Ch. 38, Terrorists and Semi-Naked Foreigners
We are on our way to visit the largest mosque in India. a fine example of Mughal architecture. Had I known it has twice been the site of terrorist attacks, I might have reconsidered. Had I known I would have to participate in a fashion show, I definitely would have reconsidered.
I didn’t know either of those things so I board the coach blissfully unaware of what waited for me
The coach squeezed through the narrow streets of Old Delhi, all teeming with people, rickshaws, taxis, vehicles of every sort and size, and parked in an impossibly small spot. It seems every other tourist coach in India has the same destination in mind today.
This is where, in 2010, two gunmen on a motorcycle sprayed a parked tourist bus with gunfire, injuring two Taiwanese. A few hours later, a nearby vehicle was rigged to explode but the timers malfunctioned ad the explosives merely caught fire.
Our group makes its way through the large crowd of people at Gate 3 of the Jama Masjid, and climbs the 39 steps to the massive red sandstone gate. We were previously told we would have to remove our shoes, as is the custom in mosques. Also, we were to dress modestly, and not wear short skirts or shorts, or sleeveless blouses.
Two men were arrested and interrogated about the ambush and bombing. One claimed he was instructed by an India Mujahedin imam based in Karachi, Pakistan, to target the mosque because the group was upset with the mosque’s imam for allowing “semi-naked” foreigners inside.
Hence, the fashion show--the covering of the semi-naked foreigners.
All women are required to don a robe supplied by attendants in the portal, after leaving their shoes outside. The robes are voluminous and shapeless, and only Sandy looks sharp in her robe, but then, Sandy looks sharp in anything she was wearing. The rest of us? Voluminous and shapeless.
|The colorful covered-up "semi-naked foreigners." Sandy is third from right. Notice the artistic tying of the bottom of the robe. I had help getting "dressed," and neither of us could figure out what went where.|
From an Indian travel site:
Travellers can hire robes at the northern gate. This may be the only time you get to dress like a local without feeling like an outsider so make the most of it.
I did NOT see any locals dressed in robes like this and looking this voluminous and shapeless. Some of the ladies wore their robes like hospital gowns, others like bathrobes. I did the best I could, trying not to strangle myself in the yards of cotton.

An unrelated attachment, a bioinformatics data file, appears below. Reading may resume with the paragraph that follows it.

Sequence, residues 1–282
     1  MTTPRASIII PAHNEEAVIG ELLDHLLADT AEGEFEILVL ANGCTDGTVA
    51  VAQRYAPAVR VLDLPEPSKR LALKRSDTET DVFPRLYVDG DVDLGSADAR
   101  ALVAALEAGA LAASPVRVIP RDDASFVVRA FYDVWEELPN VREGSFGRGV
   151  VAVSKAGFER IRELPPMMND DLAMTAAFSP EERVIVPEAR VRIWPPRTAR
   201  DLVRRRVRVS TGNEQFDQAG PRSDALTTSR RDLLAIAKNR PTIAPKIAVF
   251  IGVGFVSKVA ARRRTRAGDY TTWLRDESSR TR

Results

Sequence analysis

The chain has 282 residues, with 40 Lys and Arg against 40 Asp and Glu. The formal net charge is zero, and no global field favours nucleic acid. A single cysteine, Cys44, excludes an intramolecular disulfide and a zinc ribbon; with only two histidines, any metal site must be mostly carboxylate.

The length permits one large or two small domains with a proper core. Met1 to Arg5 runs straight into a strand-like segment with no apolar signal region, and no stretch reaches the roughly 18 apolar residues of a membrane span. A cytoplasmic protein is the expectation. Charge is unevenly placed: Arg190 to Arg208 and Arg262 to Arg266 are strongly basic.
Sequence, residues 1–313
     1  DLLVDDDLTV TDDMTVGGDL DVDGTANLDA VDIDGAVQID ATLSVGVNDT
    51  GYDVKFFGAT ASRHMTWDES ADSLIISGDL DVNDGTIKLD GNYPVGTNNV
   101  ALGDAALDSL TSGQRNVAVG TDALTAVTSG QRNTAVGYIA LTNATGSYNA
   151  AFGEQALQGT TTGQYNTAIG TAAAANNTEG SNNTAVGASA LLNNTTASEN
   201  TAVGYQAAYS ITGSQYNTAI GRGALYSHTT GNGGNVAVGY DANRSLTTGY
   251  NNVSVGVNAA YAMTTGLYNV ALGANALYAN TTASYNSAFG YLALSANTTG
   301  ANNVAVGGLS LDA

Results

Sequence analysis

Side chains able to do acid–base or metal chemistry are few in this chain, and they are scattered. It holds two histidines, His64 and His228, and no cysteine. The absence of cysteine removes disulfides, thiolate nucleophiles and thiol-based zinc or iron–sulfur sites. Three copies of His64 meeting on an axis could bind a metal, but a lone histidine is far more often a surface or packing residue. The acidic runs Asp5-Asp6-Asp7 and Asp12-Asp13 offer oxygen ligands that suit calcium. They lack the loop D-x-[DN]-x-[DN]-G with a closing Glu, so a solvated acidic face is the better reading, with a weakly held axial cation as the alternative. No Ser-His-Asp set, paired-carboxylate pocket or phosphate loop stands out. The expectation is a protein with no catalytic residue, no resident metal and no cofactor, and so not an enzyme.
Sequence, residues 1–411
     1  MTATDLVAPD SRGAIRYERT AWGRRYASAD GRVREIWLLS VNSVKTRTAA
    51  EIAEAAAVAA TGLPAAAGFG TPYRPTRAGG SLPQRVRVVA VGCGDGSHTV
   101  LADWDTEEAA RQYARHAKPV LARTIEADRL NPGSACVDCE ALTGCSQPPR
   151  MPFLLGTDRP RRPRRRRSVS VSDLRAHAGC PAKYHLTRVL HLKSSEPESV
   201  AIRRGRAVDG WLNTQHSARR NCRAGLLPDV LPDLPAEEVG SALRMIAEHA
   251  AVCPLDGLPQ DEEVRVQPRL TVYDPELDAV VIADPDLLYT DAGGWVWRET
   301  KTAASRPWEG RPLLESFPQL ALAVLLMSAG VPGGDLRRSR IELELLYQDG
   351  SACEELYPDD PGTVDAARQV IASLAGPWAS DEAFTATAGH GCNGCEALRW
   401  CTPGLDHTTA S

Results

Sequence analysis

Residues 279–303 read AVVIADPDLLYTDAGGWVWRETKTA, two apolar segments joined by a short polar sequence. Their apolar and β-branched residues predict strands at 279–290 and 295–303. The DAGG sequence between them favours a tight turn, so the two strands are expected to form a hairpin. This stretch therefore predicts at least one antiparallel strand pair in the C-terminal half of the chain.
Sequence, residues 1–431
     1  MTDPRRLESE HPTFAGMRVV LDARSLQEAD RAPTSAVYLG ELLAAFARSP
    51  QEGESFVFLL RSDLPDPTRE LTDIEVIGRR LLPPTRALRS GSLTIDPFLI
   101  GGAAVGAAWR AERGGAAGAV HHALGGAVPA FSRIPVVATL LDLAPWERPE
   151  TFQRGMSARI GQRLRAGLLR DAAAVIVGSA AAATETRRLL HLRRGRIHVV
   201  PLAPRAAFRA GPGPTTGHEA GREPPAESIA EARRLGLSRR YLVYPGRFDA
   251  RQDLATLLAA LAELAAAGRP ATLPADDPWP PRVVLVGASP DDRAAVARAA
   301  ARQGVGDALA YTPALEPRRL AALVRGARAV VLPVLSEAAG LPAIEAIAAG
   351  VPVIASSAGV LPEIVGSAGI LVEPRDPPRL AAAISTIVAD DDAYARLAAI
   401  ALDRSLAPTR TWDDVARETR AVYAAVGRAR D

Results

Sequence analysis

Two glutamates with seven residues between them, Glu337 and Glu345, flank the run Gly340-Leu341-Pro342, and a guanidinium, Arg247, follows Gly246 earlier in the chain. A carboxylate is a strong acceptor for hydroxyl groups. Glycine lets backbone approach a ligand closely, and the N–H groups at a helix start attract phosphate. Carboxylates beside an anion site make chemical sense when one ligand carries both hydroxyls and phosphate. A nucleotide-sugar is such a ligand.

The name of the mosque, Masjid-i-Jahan Numa, more commonly known as Jama Masjid, means “the mosque commanding a view of the world. It is built on a natural rise, thus requiring 30 or more steps to enter it. It is also referred to as the Friday congregational mosque as many Muslims attend the Friday calls to prayer, where the courtyard can hold 25,000 worshipers!
|Matt Brandon's photo shows the courtyard filled with worshipers, with the prayer hall beyond. We entered by the gate at center-right.|
Five thousand laborers worked for six years and completed the buildings in 1656. The prayer hall is 261 feet long, flanked by two 130 feet high minarets. Three gold-plated domes cap the hall. All mosques are required to face Mecca, and this one face to the west.
|There's a key to the numbers, but it's in Hindi. Five is the prayer hall. Wikimedia photo.|
I entered the hall by climbing the steps to the platform five feet above the courtyard and walked through the main arch. Inside, a barefoot man was kneeling in prayer. He looked up, apparently more curious about the visitors than having his prayers interrupted.
|The black and white marble design in the floor marks a 3'x18" spot for the prayer rugs. There are 899 such spaces. We probably should not have been walking on the prayer rugs, but we didn't know what they were.|
A short distance down the hall was a bookcase with a number of very old volumes on its shelved. Dinesh had asked up not to touch the books as they were Korans. I didn’t touch them; I took a photo of them.
As I walked through the courtyard, I came across a sunken water pool, and not knowing its significance, walked on by without taking a photo of the simple, unadorned pool.
But in 2006, with a number of worshipers in the courtyard, someone carrying a plastic bag paused beside the pool long enough to leave the bag and depart. The Wazoo Khana is where Muslims wash their hands and feet before praying.
Shortly after, an explosion rocked the courtyard, injuring 13. Seven minutes later, another explosion went off a short distance away. The mosque itself was undamaged.
We left the mosque through Gate 3, doffing our stylish robes and locating our shoes.
And then we walked down the steps and went to our parked tourist bus. You know, right where two men on motorcycles had sprayed a bus with bullets. They would have had a number of buses from which to choose as their target this day.